Posts tagged ‘End Times’

May 16, 2013

Real Blessing

The BeatitudesHave you ever had one of those moments when you thought, “wow I’m blessed”?  All the time people on facebook are saying that they are blessed.  I think it has sort of become a Christian word that non-Christians understand, so therefore Christians use in liberally.  We know what blessed is when it happens to us.  Who wouldn’t want to be blessed?

When Jesus spoke he spoke to people who thought they knew what a blessed life looked like.  The only trouble was that, well, everything that they thought was wrong! So he had to set them straight.  This is what he said:

Blessed are the poor in spirit,
for theirs is the kingdom of heaven.
Blessed are those who mourn,
for they will be comforted.
Blessed are the meek,
for they will inherit the earth.

Blessed are those who hunger and thirst for righteousness
for they will be filled.
Blessed are the merciful,
for they will be shown mercy.
Blessed are the pure in heart,
for they will see God.
Blessed are the peacemakers,
for they will be called children of God.
Blessed are those who are persecuted because of righteousness,
for theirs is the kingdom of heaven.

“Blessed are you when people insult you, persecute you and falsely say all kinds of evil against you because of me.  Rejoice and be glad, because great is your reward in heaven, for in the same way they persecuted the prophets who were before you.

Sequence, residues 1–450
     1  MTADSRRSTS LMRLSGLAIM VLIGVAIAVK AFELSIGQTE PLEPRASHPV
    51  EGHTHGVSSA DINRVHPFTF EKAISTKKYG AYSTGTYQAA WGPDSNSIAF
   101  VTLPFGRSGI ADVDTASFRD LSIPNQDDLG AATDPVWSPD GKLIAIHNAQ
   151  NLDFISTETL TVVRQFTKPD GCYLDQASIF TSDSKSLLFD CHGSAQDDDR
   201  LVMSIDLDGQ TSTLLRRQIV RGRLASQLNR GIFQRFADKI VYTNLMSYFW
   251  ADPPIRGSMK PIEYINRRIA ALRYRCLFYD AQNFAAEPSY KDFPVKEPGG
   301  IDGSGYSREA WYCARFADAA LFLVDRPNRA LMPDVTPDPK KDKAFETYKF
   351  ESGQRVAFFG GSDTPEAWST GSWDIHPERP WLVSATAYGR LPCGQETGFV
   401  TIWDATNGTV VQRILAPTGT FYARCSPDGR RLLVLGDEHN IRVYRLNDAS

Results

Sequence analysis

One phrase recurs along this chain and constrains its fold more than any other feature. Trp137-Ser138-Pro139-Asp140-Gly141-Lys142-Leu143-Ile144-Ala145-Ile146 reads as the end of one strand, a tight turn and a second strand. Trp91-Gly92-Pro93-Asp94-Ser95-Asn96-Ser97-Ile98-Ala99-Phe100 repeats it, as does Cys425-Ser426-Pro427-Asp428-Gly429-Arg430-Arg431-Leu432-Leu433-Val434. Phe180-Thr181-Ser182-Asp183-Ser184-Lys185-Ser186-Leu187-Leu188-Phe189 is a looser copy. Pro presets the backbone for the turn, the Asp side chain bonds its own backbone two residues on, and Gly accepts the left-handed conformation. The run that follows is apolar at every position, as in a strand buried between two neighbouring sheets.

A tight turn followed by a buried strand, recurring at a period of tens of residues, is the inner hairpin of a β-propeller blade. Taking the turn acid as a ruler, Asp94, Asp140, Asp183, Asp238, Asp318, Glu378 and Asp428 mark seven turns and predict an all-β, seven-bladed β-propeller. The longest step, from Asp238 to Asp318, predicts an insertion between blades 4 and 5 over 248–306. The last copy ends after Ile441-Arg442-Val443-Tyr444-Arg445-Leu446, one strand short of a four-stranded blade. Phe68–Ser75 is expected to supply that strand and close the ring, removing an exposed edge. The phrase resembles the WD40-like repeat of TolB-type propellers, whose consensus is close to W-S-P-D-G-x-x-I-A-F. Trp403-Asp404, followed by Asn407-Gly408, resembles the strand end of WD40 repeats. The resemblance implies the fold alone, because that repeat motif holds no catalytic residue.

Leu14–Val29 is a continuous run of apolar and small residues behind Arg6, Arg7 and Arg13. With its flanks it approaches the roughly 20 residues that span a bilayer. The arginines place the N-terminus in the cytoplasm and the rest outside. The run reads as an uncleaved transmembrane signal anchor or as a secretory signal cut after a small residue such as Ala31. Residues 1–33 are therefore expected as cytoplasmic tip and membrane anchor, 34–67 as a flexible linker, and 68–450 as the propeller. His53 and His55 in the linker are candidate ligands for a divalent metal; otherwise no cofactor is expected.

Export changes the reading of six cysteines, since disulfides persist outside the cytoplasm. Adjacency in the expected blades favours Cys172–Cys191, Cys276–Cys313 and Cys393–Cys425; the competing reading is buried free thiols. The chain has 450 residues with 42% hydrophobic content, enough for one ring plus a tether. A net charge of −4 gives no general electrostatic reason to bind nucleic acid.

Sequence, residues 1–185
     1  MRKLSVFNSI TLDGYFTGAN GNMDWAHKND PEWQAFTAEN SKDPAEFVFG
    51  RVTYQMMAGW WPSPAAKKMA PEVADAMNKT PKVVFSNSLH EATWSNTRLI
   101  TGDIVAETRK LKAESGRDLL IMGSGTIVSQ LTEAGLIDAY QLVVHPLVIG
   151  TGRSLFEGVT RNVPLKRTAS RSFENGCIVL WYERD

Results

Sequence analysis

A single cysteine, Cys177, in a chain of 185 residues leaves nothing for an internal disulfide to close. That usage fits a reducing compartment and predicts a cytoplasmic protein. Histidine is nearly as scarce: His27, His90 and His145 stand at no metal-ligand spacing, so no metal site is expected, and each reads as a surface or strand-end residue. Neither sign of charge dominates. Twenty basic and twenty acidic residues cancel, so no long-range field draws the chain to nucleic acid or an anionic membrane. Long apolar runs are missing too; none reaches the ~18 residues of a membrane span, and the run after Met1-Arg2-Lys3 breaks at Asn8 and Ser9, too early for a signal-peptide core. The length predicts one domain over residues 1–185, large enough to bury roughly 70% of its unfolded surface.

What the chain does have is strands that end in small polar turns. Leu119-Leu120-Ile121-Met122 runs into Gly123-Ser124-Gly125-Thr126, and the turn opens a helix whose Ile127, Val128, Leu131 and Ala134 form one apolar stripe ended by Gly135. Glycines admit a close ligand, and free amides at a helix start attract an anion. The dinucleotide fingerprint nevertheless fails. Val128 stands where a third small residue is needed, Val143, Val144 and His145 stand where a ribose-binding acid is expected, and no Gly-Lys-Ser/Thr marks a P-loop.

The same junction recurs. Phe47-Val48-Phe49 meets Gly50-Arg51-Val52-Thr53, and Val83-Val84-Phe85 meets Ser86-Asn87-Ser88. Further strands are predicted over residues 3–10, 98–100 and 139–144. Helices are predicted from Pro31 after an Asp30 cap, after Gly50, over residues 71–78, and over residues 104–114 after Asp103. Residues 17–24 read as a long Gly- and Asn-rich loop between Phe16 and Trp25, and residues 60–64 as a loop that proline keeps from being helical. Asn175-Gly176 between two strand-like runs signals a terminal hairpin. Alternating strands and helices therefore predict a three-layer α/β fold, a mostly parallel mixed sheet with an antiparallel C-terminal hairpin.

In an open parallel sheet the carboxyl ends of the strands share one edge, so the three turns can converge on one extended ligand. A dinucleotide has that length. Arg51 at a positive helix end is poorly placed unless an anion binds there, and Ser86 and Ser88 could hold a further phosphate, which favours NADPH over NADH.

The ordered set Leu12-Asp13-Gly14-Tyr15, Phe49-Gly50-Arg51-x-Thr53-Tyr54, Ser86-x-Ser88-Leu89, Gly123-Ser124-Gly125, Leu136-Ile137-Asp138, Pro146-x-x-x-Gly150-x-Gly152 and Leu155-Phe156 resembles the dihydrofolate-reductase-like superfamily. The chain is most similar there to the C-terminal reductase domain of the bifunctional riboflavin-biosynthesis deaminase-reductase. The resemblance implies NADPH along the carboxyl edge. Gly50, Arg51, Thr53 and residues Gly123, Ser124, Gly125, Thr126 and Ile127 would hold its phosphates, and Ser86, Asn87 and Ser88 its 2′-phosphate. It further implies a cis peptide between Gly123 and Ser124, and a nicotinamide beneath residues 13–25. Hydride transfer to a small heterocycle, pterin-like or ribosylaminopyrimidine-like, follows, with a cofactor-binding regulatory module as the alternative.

We call this passage the beatitudes.  When I first read it as a teenager I assumed that it meant that these are attitudes we are meant to be like.  Whilst that is kind of right the word itself means “blessings”.  The word has nothing to do with attitude. This passage is all about the blessing of God.

Jesus had to say to his hearers that the blessing of God looks nothing like what they thought it did.  If Jesus was walking around Christians today I think it would be much the same.

When you see someone poor do you think – wow, that person looks so blessed?  No, neither do I.  But Jesus sees it differently.  When you see someone grieving do you think that they are obviously walking in the blessing of God?  We actually think the opposite – we see someone who hasn’t grieved for a long time as the blessed person because all their loved ones are healthy.  Not according to Jesus.  When you read about Christians in China being persecuted and imprisoned do you reflect on how blessed we are to be able to worship freely in this country?  According to Jesus it’s actually the persecuted Christians who are blessed.

But why?  Why are all these people blessed?  They don’t look very blessed to me.  The answer is in verse 12 – because great is your reward in heaven.